The Department of Homeland Security released the prepared “Testimony of Deputy Assistant Secretary for Policy Kathleen Kraninger, Screening Coordination, and Director Robert A. Mocny, US-VISIT, National Protection and Programs Directorate, before the House Appropriations Committee, Subcommittee on Homeland Security, ‘Biometric Identification.'” A couple of interesting sections discussed future plans for biometric ID and privacy questions:
The Future of Biometric Screening
Biometrics offer real opportunities to dramatically increase the efficiency of identifying people. The Department is researching emerging technologies to expand our screening and identification capabilities. We recognize that future identity management systems will require increased assurance, efficiency, ease of use, and flexibility.
As DHS implements biometric exit procedures, both at airports and land border [Points of Entry], we are looking for more efficient, less invasive technologies to verify visitors’ departures. Particularly at the land border, we are looking for technologies that might meet our needs better than requiring visitors to have their fingerprints scanned while driving at speed through a POE.
In some cases, the key to expanding biometric screening is to bring the technology to remote locations where decision-makers need it.
- For example, Coast Guard is using mobile biometric collection and analysis capabilities on the high seas off the coasts of Puerto Rico and Florida. This project has helped the Coast Guard identify and refer for prosecution and/or administrative immigration proceedings hundreds of repeat illegal migrants who are ineligible to enter the United States, including some wanted for human smuggling and murder.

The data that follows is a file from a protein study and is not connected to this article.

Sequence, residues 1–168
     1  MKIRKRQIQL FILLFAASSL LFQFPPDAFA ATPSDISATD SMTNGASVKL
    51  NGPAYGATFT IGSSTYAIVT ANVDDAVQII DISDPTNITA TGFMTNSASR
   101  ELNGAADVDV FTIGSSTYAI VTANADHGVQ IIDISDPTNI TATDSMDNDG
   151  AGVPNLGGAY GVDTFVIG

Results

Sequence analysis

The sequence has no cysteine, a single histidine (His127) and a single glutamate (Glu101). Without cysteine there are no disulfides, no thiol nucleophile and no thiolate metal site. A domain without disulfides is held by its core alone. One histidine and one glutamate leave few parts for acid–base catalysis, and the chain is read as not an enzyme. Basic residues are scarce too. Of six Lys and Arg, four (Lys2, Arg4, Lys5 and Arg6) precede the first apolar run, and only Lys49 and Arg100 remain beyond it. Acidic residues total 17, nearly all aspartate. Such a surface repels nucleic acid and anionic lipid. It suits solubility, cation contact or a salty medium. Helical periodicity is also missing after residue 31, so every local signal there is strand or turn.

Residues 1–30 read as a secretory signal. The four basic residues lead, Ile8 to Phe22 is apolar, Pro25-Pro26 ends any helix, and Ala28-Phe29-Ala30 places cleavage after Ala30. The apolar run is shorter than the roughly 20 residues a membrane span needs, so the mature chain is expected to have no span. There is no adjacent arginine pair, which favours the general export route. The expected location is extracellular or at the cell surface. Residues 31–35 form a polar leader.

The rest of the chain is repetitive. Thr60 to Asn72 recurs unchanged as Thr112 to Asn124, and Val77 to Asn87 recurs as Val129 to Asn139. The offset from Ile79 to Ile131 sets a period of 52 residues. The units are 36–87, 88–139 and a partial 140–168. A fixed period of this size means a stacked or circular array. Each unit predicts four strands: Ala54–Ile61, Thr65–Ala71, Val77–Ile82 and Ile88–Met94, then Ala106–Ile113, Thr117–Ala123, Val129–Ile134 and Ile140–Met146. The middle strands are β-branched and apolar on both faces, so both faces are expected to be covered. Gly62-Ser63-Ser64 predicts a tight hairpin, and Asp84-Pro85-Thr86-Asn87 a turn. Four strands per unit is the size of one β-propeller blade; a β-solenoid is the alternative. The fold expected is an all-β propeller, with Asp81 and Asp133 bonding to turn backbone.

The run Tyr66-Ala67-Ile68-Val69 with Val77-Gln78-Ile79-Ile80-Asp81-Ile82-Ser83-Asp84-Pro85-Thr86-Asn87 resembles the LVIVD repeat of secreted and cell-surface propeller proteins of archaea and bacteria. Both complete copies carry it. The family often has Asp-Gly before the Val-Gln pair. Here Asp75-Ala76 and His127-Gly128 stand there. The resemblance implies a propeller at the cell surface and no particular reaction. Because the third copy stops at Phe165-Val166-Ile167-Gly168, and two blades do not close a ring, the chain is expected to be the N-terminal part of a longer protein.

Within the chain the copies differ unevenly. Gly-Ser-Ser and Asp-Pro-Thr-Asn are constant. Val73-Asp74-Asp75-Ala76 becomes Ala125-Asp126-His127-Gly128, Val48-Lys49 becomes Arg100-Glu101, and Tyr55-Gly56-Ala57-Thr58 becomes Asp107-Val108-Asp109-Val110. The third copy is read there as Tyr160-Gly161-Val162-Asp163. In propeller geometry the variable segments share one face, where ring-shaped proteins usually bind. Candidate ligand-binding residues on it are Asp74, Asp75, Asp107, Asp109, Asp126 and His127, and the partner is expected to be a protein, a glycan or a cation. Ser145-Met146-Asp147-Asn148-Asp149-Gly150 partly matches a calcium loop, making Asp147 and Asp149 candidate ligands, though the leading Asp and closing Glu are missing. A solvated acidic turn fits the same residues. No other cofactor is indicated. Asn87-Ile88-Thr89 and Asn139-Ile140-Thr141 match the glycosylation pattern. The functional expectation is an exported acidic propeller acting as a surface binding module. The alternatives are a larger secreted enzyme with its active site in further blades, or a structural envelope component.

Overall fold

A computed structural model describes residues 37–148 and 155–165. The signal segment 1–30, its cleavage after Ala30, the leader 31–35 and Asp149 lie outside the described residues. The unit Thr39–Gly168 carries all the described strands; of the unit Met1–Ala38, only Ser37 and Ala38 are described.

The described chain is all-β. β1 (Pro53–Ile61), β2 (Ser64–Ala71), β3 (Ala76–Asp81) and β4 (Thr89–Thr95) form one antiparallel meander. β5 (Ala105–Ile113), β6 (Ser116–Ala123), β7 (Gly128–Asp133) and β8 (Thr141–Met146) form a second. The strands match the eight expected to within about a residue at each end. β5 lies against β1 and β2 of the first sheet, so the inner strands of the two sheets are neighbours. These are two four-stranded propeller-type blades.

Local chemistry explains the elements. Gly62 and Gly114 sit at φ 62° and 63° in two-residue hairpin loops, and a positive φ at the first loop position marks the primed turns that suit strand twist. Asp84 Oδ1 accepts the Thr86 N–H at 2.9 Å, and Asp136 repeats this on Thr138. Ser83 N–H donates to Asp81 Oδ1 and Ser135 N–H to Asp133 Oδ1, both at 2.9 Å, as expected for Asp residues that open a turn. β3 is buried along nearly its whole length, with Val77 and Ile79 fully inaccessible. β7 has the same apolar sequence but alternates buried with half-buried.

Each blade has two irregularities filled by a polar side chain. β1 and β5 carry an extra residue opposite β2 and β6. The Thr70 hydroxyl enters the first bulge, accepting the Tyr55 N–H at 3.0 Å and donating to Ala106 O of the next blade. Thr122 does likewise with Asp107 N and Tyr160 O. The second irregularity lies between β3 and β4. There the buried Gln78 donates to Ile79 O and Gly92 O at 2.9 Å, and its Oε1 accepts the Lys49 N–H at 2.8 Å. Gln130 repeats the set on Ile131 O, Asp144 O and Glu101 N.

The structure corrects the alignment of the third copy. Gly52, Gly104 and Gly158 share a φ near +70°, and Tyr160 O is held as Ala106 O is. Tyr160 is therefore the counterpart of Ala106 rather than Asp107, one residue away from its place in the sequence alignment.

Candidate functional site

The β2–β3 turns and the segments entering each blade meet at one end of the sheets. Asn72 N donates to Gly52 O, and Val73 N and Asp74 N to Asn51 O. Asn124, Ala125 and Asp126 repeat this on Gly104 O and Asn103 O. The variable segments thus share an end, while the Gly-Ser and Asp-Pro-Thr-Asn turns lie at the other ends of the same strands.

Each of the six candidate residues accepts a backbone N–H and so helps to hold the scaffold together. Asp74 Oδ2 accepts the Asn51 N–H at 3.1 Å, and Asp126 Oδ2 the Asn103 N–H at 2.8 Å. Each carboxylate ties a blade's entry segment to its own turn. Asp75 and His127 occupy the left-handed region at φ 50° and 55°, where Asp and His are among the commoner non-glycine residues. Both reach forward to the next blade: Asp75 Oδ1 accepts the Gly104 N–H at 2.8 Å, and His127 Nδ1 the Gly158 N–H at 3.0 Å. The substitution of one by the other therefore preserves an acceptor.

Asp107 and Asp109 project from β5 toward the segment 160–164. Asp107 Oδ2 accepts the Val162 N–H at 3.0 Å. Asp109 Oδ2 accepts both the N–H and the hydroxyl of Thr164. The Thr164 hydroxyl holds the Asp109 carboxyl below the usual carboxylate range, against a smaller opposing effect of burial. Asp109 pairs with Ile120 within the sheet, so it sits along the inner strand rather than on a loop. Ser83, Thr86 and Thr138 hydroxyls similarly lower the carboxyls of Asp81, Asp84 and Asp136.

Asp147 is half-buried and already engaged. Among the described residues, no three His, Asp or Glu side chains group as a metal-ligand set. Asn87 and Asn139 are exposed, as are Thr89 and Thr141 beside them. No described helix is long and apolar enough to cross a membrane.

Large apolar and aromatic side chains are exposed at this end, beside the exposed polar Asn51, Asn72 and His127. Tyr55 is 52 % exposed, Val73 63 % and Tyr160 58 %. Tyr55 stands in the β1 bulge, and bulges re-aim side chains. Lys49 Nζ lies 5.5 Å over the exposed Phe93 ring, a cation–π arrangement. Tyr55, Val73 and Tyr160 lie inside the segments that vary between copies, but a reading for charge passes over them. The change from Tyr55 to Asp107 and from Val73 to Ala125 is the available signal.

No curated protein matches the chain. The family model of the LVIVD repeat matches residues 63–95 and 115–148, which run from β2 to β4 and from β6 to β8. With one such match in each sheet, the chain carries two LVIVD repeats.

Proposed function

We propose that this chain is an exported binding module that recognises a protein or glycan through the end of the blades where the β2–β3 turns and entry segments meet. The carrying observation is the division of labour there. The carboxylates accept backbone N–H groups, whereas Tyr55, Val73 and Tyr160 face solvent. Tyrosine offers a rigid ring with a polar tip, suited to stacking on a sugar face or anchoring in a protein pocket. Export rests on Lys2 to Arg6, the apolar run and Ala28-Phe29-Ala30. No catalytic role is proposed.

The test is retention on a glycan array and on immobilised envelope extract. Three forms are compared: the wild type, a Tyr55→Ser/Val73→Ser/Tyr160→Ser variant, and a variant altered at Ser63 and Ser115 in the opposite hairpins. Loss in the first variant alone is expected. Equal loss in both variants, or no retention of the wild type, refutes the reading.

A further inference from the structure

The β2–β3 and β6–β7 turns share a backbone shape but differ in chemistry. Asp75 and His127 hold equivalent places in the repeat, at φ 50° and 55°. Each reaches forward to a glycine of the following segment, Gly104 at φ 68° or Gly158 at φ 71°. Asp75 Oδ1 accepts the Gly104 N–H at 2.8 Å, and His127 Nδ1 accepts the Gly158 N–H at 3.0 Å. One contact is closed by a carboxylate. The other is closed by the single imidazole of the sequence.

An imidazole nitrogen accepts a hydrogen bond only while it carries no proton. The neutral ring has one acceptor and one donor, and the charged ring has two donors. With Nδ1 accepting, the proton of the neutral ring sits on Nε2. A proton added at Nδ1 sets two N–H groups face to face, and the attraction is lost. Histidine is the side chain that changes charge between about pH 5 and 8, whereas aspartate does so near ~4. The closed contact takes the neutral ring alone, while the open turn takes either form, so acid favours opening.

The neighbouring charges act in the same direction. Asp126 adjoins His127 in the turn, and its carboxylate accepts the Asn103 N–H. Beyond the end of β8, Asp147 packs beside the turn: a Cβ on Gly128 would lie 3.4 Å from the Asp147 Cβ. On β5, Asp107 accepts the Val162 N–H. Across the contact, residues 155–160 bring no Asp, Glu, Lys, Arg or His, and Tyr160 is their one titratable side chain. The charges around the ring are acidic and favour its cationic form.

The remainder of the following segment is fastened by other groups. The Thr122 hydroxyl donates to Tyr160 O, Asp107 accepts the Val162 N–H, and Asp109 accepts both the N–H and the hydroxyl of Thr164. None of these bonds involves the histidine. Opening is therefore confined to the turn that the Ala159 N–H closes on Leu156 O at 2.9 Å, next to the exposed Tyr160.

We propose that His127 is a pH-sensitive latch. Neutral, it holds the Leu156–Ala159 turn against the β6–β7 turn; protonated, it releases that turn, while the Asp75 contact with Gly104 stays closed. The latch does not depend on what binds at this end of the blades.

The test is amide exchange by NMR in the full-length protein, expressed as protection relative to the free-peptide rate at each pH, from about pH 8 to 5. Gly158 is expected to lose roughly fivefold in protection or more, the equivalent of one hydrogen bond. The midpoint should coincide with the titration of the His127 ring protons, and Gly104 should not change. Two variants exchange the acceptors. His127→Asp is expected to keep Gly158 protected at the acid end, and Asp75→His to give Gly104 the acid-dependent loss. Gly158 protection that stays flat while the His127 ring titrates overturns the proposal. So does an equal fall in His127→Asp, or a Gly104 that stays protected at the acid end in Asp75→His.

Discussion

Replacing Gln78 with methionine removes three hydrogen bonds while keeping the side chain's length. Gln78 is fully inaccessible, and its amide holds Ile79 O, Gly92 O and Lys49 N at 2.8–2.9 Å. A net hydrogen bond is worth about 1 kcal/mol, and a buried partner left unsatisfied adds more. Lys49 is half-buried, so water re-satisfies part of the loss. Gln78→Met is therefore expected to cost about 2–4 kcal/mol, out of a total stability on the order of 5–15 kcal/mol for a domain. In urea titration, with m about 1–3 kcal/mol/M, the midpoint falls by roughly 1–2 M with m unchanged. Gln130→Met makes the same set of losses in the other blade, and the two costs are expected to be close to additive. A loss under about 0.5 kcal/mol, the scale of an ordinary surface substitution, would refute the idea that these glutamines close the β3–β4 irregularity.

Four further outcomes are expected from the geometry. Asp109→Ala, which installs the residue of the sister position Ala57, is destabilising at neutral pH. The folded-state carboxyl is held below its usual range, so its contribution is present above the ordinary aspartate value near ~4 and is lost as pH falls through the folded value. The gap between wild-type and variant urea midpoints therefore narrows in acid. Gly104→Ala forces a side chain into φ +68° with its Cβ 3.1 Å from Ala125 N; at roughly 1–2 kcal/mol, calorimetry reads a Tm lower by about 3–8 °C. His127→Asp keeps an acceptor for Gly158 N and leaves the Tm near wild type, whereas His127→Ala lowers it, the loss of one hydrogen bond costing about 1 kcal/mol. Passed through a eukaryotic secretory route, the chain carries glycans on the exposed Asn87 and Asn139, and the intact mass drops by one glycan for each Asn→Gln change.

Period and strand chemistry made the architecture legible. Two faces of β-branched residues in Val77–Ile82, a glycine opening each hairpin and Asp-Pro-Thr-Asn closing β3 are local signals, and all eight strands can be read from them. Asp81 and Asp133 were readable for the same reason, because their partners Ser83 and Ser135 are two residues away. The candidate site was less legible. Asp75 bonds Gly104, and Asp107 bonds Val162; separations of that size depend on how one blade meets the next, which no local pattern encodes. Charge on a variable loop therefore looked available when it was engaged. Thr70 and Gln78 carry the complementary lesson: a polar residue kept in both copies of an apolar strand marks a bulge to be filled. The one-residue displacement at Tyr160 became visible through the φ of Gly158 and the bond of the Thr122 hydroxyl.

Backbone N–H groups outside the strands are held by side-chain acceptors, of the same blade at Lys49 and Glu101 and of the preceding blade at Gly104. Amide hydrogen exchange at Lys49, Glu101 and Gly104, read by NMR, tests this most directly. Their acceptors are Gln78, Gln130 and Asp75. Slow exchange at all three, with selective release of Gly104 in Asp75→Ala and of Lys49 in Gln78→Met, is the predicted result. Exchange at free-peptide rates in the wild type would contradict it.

- In addition, [Custom and Border Protection’s] Air and Marine Operations is examining opportunities to use mobile biometrics to its areas of operation. […]
DHS is committed to adhering to the strictest privacy standards. DHS only collects information needed to achieve the program objectives and mission and only uses this information in a manner consistent with the purpose for which it was collected. DHS also conducts periodic audits of its systems to ensure appropriate use within the limitations of the Privacy Act.
Ultimately, the success of the US-VISIT program will be measured by not only our ability to identify those who may present a threat, but also our ability to protect against identity theft and fraud. We are acutely aware that our success depends on how well we are able to protect the privacy of those whose biometrics we hold. A breach of this most personal data would undermine the public’s trust. We have a dedicated privacy officer responsible for ensuring compliance with privacy laws and procedures and for creating a culture of privacy protection within the US-VISIT Program. Furthermore, we are transparent. From the beginning, we made clear that the information gathered by DHS or State will be used only for the purposes for which it was collected, consistent with those uses authorized or mandated by law. Our policy extends to non-U.S. citizens most of the same privacy protections we give by law to U.S. citizens. We regularly publish privacy impact assessments and system of records notices to provide people with a clear view of the information we collect, how we store it, and our policies and practices to ensure it is not abused.